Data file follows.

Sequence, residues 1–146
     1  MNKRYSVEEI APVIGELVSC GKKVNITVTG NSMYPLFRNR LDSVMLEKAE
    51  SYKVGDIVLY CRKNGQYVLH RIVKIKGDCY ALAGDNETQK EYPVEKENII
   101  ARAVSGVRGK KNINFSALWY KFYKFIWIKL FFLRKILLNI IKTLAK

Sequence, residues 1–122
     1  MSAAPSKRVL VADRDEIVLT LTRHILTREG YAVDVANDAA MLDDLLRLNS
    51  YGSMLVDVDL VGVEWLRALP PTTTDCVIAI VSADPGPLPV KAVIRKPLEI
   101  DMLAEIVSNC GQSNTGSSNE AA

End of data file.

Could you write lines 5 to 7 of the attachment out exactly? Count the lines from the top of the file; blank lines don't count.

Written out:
Sequence, residues 1–122
     1  MSAAPSKRVL VADRDEIVLT LTRHILTREG YAVDVANDAA MLDDLLRLNS
    51  YGSMLVDVDL VGVEWLRALP PTTTDCVIAI VSADPGPLPV KAVIRKPLEI